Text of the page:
No doubt it was cold. Temperatures reached the upper teens to mid-20s Monday morning.
But Monday afternoon, we noticed something else about the weather in the Valley: It is dry as a bone.
Although temperatures climbed into the upper 50s (and eventually reached 60 degrees) Monday afternoon, the dewpoints stayed in the low to mid teens.
It was a similar situation in Anniston, though look at the dewpoints — they were single digits!
Recall that the dewpoint is the temperature at which you need to cool a parcel of air so that any water vapor within it condenses into liquid water. In the case of Huntsville and Anniston, the air would somehow need to be cooled nearly 50 degrees in order to reach the dewpoint. That is very, very dry air!
As a result, you may notice your nose or throat feeling irritated, and your skin may be drying out faster than you expect, resulting in ashy patches.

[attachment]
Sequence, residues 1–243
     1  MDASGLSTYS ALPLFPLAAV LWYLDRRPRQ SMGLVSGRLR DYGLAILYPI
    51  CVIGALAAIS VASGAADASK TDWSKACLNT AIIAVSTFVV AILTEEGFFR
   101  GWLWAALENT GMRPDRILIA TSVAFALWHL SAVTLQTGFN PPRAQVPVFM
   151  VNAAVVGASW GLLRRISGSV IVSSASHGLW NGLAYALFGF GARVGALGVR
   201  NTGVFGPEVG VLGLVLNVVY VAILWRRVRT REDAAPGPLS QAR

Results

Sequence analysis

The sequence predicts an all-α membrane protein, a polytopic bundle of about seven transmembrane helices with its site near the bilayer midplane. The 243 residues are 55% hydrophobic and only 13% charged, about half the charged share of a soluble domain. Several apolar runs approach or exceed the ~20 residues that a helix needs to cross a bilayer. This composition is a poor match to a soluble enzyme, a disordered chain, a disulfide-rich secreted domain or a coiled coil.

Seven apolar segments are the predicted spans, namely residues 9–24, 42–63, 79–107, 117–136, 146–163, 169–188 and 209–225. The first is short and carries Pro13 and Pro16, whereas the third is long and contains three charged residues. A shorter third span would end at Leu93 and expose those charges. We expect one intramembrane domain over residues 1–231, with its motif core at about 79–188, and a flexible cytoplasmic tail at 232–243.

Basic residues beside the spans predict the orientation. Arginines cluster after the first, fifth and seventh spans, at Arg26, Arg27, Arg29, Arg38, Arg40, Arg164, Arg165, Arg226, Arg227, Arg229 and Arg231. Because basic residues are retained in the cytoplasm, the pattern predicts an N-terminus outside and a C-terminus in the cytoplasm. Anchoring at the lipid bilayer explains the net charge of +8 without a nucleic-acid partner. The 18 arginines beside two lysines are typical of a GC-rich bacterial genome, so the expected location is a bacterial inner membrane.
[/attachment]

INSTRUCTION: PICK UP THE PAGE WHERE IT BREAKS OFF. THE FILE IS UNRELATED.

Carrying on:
Be sure to continue drinking plenty of water to counteract the moisture leaving your body and becoming absorbed by the surrounding dry air.
Why so dry?
As of Monday, the weather in the Southeast is controlled by an area of high pressure that continues to pull cold, dry air from the Arctic into the Valley.
As we head closer into mid-week, you will notice a return of atmospheric moisture to the Valley ahead of a low pressure system that will bring the next chance of rain. Similar to what has been happening lately with the low rain amounts, we are not expecting a big deluge of rainfall this week, due to the excessively dry air that is in place at the moment.
As rain falls into a dry airmass, it evaporates before making it to the ground, which is known as virga. Here is hoping that we will see dewpoints reach the upper 50s to lower 60s late Tuesday through Wednesday, so that both our chances of rain — as well as our skin — do not dry up this week!